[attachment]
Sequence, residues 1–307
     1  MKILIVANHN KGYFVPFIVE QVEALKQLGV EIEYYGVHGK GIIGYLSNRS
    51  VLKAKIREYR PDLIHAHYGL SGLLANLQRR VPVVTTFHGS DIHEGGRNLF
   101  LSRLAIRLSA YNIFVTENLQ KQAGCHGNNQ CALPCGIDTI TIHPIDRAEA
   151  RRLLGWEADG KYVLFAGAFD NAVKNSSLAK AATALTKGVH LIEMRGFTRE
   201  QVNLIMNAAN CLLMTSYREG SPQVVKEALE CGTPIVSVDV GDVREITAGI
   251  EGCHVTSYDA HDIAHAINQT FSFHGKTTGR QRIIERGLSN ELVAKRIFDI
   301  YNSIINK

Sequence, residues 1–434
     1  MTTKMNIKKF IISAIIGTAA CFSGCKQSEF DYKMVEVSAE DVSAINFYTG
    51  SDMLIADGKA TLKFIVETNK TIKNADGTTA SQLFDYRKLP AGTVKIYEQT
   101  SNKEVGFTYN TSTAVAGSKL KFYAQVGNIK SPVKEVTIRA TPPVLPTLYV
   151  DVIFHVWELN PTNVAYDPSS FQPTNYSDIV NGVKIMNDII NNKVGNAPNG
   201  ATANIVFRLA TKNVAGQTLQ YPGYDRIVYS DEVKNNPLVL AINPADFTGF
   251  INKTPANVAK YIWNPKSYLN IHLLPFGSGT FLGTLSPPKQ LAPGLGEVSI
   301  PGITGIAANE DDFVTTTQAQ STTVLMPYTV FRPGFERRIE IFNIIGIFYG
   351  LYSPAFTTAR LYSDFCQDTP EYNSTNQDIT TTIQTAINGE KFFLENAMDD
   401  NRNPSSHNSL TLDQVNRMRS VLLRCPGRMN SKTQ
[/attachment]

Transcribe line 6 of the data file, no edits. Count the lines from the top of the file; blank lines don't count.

   201  QVNLIMNAAN CLLMTSYREG SPQVVKEALE CGTPIVSVDV GDVREITAGI